Propping up SHA-1 (or MD5)

Dan Kaminsky dan at
Mon Mar 21 14:44:06 EST 2005


    x can equal either test vector released by Wang, and H(x) will be
identical.  With H(x) identical, the rest of the HMAC stays identical too. 

    As a couple people pointed out, it's OK that HMAC is "vulnerable" to
the Wang attack, since in order to execute the attack the key is
required (and like AES, if the key is compromised, all bets are off). 
But you're not using HMAC as a MAC; you're using it to prop up a broken

    Regarding the "Random" appendage, people don't seem to realize how
important syncronized initial states are to many hashing algorithms. 
One of the major uses of a hashing algorithm is to act as an
*exchangable* handle to data, in other words, you and I can both hash
our respective datasets and see if they're identical.  If we're each
using different initial states, that process fails utterly.


P.S.  Your construction *will* work if you replace H(x) with H(x xor
ipad) and H(x xor opad), with ipad and opad as defined in the HMAC
spec.  (We can collide against either permutation of our block data, but
not both simultaneously.)  This does end up rather significantly
reducing throughput though.

Ben Laurie wrote:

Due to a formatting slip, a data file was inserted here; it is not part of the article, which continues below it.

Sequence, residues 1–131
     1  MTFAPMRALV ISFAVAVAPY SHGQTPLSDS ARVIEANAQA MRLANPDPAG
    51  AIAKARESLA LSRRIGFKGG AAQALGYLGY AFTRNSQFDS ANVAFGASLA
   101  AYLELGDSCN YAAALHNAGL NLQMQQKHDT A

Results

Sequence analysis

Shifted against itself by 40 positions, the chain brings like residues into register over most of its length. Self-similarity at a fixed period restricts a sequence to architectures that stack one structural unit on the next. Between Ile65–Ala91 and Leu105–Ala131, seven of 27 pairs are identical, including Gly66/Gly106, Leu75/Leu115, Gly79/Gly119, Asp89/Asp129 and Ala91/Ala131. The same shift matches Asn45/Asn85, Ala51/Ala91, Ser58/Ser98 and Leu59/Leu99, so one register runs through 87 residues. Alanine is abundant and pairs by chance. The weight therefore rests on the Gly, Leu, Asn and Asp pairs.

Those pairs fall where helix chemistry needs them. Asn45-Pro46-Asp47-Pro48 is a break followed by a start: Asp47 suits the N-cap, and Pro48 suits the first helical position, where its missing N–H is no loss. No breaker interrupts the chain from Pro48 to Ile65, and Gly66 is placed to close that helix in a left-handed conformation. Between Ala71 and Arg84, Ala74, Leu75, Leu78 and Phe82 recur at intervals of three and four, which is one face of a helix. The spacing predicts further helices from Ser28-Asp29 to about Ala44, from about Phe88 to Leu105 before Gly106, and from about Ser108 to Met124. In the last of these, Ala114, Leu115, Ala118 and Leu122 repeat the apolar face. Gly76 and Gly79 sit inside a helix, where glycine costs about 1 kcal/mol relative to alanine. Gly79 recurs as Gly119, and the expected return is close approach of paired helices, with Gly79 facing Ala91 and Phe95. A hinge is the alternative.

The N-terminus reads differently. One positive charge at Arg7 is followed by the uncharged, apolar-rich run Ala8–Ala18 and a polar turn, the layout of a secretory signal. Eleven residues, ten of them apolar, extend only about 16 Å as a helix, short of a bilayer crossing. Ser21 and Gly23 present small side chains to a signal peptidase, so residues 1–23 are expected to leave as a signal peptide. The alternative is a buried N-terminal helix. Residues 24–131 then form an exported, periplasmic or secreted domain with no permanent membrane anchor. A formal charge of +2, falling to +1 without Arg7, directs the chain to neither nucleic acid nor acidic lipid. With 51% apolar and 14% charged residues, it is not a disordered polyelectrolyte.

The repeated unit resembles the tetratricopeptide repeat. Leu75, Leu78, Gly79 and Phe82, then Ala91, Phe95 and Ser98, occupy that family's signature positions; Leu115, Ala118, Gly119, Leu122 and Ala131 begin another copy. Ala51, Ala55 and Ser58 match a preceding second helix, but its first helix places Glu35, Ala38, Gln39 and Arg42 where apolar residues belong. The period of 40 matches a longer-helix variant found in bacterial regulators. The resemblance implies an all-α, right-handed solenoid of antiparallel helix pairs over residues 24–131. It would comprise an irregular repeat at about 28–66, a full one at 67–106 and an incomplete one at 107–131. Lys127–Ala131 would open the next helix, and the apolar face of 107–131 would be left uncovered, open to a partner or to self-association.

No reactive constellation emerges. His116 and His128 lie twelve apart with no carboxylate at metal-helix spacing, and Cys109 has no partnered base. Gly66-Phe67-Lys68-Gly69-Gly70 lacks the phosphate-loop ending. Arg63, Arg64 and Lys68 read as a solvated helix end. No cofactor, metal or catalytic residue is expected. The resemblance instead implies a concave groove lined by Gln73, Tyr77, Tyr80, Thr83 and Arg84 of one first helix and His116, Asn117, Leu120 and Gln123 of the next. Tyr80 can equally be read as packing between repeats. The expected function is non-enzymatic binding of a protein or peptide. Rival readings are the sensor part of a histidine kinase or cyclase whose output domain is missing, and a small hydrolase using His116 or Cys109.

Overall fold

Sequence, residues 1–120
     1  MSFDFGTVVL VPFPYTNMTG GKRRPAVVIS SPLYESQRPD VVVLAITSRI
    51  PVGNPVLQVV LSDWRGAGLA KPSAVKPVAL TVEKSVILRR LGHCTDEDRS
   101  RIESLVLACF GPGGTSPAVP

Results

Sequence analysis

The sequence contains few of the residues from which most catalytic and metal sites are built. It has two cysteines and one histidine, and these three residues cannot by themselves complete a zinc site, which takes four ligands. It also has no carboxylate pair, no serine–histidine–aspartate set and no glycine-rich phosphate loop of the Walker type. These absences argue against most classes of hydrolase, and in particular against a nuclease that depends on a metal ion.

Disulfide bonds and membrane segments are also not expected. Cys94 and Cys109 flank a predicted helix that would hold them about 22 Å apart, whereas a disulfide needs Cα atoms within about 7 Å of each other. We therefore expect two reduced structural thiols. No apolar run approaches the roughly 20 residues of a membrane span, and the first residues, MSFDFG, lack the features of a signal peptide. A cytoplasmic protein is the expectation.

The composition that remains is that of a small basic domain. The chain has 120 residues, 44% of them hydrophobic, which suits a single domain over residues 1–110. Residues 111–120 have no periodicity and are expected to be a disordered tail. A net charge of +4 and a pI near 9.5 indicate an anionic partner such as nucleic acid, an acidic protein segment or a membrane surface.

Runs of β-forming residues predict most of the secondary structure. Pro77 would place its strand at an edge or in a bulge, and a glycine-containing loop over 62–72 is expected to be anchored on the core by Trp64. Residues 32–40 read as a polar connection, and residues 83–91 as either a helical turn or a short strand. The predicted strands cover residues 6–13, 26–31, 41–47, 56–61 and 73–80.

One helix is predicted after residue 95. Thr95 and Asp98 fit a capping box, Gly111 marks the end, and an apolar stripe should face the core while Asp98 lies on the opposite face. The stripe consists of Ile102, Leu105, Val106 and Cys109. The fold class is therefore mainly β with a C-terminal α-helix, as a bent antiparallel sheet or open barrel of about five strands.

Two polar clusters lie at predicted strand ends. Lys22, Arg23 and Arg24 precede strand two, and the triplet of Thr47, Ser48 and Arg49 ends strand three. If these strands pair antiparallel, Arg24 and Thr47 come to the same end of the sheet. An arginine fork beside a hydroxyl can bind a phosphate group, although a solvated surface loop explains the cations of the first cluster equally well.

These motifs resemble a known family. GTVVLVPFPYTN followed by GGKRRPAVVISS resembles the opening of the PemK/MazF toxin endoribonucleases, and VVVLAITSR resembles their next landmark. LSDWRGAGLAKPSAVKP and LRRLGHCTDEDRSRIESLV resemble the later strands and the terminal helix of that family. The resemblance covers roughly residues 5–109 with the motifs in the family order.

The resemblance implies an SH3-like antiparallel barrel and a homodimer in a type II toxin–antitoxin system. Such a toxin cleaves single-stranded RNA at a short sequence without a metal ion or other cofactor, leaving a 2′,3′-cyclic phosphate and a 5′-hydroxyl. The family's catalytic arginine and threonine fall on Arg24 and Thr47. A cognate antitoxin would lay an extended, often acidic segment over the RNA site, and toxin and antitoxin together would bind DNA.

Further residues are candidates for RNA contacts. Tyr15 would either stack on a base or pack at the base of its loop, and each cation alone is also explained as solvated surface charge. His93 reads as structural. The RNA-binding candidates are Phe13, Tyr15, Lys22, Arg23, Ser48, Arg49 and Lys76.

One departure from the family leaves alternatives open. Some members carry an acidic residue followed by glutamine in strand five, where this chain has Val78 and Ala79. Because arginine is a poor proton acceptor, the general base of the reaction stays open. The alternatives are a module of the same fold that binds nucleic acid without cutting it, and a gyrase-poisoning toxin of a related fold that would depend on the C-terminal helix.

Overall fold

> It was suggested at the SAAG meeting at the Minneapolis IETF that a
> way to deal with weakness in hash functions was to create a new hash
> function from the old like so:
> H'(x)=Random || H(Random || x)
> However, this allows an attacker to play with Random (the advice I've
> seen is that if one is going to use an IV with a hash function, then
> one should transfer the IV with integrity checks to deny attackers
> this freedom).
> Another objection is that this construction changes the API at the
> sender end, which could lead to a great deal of complexity when the
> use of the hash API is deeply embedded.
> A third is that the length of the hash is changed, which could break
> existing protocols.
> Musing on these points, I wondered about the construction:
> H'(x)=H(H(x) || H(H(x) || x))
> which doesn't allow an attacker any choice, doesn't change APIs and
> doesn't change the length of the hash. Does this have any merit? Note
> that this is essentially an HMAC where the key is H(x). I omitted the
> padding because it seems to me that this actually makes HMAC weaker
> against the current attacks.
> Cheers,
> Ben.

The Cryptography Mailing List
Unsubscribe by sending "unsubscribe cryptography" to majordomo at

More information about the cryptography mailing list